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Convincing Southern Nevadans of mosquito danger a tough task

Updated August 30, 2019 - 6:49 pm

This has been the worst season ever in Clark County for mosquito-borne West Nile virus, but health authorities say they face a challenge convincing local residents that they need to protect themselves against the tiny bloodsuckers.

As of Friday, the Southern Nevada Health District had documented 36 cases of West Nile virus in Clark County, including 26 cases of the more serious neuroinvasive form. The district also has found infected mosquitoes in at least 40 county zip codes.

Despite the risk, “It’s a huge challenge to get people to think about mosquito-borne disease,” said Brian Labus, an assistant professor of epidemiology and biostatistics at UNLV’s School of Public Health.

West Nile virus activity

Experts cite several reasons they have a hard time getting the public to take the threat seriously.

Most people infected with the virus won’t feel sick. But some — about one in 150 — will experience the severe form of the illness that affects the central nervous system and can be fatal or lead to permanent disability.

Mosquitoes also are most active around dusk and dawn, but Labus notes that Southern Nevadans don’t want to “to stay inside when it’s actually nice out” and not too hot.

What’s more, “We tell people we want them to put on clothes that are uncomfortable,” he noted, referring to the guidance from public health officials to wear long sleeves and long pants when temperatures are in the triple digits.

However, outdoor and sporting goods stores offer light-weight protective clothing, and EPA-registered repellents are safe when used as directed, health authorities say.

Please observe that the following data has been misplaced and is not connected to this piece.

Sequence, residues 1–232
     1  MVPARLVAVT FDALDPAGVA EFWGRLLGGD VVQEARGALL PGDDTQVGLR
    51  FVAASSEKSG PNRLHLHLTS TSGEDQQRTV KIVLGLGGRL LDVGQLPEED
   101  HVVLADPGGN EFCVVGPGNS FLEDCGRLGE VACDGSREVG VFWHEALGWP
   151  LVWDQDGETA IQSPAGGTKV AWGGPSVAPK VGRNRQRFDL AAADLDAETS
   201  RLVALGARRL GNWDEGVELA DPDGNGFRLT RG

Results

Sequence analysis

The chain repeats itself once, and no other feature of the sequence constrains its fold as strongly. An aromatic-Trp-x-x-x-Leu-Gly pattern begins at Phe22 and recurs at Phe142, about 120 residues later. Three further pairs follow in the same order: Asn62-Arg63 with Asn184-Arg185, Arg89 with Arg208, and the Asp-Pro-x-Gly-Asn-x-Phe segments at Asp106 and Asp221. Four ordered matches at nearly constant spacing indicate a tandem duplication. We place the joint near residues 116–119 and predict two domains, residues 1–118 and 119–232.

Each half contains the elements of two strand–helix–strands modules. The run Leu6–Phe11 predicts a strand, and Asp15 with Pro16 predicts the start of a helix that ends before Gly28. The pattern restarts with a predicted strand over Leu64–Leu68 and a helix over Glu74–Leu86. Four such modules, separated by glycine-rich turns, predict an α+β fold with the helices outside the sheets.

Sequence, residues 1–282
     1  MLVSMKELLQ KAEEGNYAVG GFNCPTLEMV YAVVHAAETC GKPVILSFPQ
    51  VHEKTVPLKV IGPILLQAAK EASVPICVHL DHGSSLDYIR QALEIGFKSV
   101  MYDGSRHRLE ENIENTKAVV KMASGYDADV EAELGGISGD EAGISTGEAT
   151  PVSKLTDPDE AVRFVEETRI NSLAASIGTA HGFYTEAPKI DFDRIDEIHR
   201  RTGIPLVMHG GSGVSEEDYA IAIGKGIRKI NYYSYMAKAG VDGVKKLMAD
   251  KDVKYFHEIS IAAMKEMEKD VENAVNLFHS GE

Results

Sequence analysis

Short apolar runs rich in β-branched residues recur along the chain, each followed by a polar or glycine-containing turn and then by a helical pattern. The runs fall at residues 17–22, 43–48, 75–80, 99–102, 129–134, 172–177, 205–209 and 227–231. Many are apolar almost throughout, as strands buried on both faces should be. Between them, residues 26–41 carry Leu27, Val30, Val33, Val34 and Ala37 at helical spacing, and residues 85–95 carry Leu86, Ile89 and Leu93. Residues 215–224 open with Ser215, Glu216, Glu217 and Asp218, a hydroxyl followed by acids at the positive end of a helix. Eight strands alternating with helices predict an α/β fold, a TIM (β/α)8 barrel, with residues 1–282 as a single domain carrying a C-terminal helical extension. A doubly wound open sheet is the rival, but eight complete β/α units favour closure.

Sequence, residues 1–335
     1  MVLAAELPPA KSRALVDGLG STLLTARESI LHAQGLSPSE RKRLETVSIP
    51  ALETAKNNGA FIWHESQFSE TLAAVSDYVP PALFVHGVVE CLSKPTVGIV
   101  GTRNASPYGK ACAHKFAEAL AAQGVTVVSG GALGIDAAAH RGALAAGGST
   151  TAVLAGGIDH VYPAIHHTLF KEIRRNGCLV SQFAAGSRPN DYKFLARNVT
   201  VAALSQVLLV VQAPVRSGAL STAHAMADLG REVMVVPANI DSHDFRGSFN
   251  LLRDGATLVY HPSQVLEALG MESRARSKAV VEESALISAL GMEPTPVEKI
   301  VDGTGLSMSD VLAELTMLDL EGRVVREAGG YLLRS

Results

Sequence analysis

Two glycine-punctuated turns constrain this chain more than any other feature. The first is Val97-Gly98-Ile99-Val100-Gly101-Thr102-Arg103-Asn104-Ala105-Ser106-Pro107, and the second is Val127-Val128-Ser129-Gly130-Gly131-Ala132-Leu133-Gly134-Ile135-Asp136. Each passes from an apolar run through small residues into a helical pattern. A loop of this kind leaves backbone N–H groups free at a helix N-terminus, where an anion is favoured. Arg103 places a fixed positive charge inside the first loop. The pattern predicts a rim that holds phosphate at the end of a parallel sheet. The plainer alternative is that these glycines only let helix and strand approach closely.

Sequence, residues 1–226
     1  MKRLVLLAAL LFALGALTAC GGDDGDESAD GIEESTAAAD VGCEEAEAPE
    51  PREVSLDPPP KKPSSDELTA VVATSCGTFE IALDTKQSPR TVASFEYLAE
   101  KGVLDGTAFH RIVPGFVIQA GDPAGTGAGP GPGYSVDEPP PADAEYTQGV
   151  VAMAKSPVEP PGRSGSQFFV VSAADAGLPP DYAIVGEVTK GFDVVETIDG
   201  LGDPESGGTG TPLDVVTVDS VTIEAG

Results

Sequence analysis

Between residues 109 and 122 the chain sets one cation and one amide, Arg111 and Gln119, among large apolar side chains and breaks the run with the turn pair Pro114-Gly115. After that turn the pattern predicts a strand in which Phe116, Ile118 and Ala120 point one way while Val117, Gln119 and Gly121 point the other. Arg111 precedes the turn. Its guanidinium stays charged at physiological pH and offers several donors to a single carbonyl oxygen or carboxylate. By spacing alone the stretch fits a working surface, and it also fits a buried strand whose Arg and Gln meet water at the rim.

‘Most dangerous creature’

Joe Conlon with the American Mosquito Control Association warns against underestimating the risk of mosquitoes and forgoing repellent.

“They’re the most dangerous creature on the planet by a long shot,” noted Conlon, a medical entomologist. “It’s not even close. The only creature that comes near it in terms of lethality is humans.”

Conlon was referring to the fact that the insects spread many dangerous diseases beyond the West Nile virus, including the Zika and Chikungunya viruses, dengue and malaria. About 800,000 people each year are killed by mosquito-borne illness. Malaria alone sickened 219 million people in 2017, killing 435,000 of them, mostly children in Africa, according to the Centers for Disease Control.

West Nile virus is the most common virus spread by mosquitoes in the continental U.S. Mosquitoes in 15 different zip codes in Clark County have tested positive for St. Louis encephalitis this year, though no human infections have yet been reported.

Many areas in the country, including Southern Nevada, have the kind of mosquitoes that can spread Zika, which can cause birth defects in the babies born to women infected during pregnancy. However, mosquitoes in Southern Nevada so far have not tested positive for Zika.

While there have been no deaths from West Nile virus this year in Southern Nevada, consider that some research indicates that almost half of all people who have ever lived were killed by mosquitoes. Said Conlon: “People need to treat mosquitoes seriously.”

Contact Mary Hynes at mhynes@reviewjournal.com or 702-383-0336. Follow @MaryHynes1 on Twitter.

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